A few Shabbatot ago I prayed at a Baptist-style tent-revival Amen-Halleluyah neo-Hasidic Jewish service. Yes, that was Biennial Shabbat and although I was prepared for the spirit of it based on my years at NFTY, I wasn’t quite prepared for the spiritual of it.
I grew up in the Reform movement, through Eisner Camp and youth group. But something shifted in me while in university and I felt myself move slowly away. Maybe it was going to Brandeis and meeting all those deeply committed Conservative and Orthodox students, while my Reform friends drifted away and stopped coming to services, stopped celebrating Shabbat. Maybe it was the year in Israel where I studied in yeshiva and went to the Wall regularly and davenned in traditional circles. Or maybe it was the memory of my Confirmation class when my teacher said “Kashrut was for health in those days. Nowadays its outdated and dumb. No Reform Jew needs to practice it.” Or the day of Confirmation itself when the Rabbi flatly refused to let a classmate wear a kipa. (We were rebellious in those days. As the strains of “God is in His Holy Temple” began on the organ, each one of us—girls included, which was still unheard of— drew a kipa out of our robe pocket and put it on as we marched down the aisle.) Our parents sent us to URJ camps – what was then UAHC– but the Rabbis made fun of our new-found passion for Judaism by telling us we were bordering on “Conservative.” The youth group joyfully did Havdala before our movie nights but the presidents of our congregations refused to add Havdala before a Saturday night social for families, saying it was “too religious.” The Reform I grew up with was, quite frankly, more concerned with not looking Orthodox than with teaching me any positive value of being Reform.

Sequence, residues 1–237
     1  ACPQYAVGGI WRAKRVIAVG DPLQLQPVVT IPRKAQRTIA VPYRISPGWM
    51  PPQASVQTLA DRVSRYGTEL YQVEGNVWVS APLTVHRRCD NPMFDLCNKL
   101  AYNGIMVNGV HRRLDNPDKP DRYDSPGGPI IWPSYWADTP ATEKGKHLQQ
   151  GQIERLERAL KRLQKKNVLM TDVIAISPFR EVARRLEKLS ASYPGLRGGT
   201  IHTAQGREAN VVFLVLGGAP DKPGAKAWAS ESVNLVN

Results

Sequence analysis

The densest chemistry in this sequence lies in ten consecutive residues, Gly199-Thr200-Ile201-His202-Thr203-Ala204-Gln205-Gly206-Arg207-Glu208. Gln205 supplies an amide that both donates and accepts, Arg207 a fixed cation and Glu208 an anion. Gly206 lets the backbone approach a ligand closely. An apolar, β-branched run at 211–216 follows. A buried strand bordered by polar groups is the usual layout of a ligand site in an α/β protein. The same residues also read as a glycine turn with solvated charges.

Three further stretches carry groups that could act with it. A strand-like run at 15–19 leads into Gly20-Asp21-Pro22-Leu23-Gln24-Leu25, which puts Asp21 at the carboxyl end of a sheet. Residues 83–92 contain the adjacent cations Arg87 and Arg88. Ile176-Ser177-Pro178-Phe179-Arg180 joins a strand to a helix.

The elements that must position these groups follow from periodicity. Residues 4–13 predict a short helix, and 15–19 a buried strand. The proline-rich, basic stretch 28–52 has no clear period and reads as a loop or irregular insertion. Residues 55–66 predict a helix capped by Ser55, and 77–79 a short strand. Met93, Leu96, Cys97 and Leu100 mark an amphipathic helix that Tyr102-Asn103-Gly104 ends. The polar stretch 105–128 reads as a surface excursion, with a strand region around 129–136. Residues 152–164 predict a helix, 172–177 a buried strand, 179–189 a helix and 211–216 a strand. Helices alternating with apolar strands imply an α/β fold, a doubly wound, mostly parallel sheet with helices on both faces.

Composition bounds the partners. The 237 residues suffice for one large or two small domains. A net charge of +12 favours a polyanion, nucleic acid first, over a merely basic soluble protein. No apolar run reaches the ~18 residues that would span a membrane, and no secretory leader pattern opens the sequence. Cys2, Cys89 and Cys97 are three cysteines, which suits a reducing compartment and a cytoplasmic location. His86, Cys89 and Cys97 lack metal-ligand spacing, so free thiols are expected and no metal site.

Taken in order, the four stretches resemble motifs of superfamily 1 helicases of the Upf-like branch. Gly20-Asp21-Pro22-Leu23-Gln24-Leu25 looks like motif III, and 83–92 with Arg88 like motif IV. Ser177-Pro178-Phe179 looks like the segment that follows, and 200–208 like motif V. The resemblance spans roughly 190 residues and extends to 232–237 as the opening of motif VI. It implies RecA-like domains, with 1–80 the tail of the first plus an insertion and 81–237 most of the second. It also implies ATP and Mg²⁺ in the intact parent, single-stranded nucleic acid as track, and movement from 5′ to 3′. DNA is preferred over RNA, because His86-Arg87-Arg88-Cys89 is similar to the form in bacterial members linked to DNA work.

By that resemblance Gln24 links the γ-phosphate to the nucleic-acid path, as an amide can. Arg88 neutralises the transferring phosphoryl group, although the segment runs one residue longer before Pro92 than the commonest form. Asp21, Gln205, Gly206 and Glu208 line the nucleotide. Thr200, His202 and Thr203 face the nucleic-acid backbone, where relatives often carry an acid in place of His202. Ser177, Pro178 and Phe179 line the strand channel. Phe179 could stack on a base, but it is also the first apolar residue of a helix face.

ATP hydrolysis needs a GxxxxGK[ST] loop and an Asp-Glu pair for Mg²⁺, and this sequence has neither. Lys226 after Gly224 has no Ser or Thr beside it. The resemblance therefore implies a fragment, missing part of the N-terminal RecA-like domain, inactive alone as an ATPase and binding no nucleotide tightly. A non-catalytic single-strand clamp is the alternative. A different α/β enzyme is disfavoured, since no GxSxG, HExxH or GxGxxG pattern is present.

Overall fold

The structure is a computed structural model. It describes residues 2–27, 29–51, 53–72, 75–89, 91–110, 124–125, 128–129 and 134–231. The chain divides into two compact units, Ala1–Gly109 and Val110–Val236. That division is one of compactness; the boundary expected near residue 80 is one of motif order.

I tried being Orthodox for awhile, but my feminism got in the way. I tried being Reconstructionist but my strong supernatural concept of God got in the way. I tried Jewish Renewal but I fall asleep in meditation and I’d rather shuckle than do yoga. I never toyed with being Conservative because my need for consistency got in the way. I just couldn’t grasp hold of a positive, joyful, traditional and spiritual Judaism within any of the movements and I wandered around for many years looking for home.
This past Biennial helped me find it. First, they sang O Canada and put up a Canadian flag which opened my now-Canadian heart. Then they said we could sit for Shema if thats our custom— a custom I’ve practiced for 20 years and one that I instituted at my synagogue— which publicly valued and normatized that choice. Then the gathering of tzitzit on my tallit, something I’ve done silently and privately all these years. Then asking mourners to rise separately, something I longed to do at a Biennial many years ago when I was in the year of mourning myself. Ok, it was also the clapping and dancing and 13 Torah reading tables and Bibliodrama along with a silent Amidah. My traditional side was finally recognized. My spiritual side was finally satiated.
I came to Biennial with trepidation, as it was not universally accepted in my new synagogue for us to be Reform affiliated. Many members doubted this idea and many still identify with the Conservative movement. They did not feel moved during the application process no matter how I preached the vision of Reform and it’s “best practices.” They fear the Reform they remember as being churchy and sterile. They fear the Reform they remember of lack of kipot and lack of Hebrew. Traditional Canadians, they honestly worry about flying the flag of Reform in a community where Conservative still is the norm. I knew the workshops and plenaries would be fine. I knew the call to tikkun olam would be loud and clear. I knew the speakers would be powerful. But would the davenning be davenning, or would it be “services”? Would “we rise and recite the watchword of our faith?” Would we sit for the standing prayer? Would we drone on in responsive readings? The chair of our Leadership Team came with me, with some degree of doubt. I couldn’t quite explain how far the Reform movement had come for him. He had to see it with his own two eyes. His response? “This is awesome. Next Biennial our whole Team should come.”
This ain’t my father’s Reform. It can finally be mine.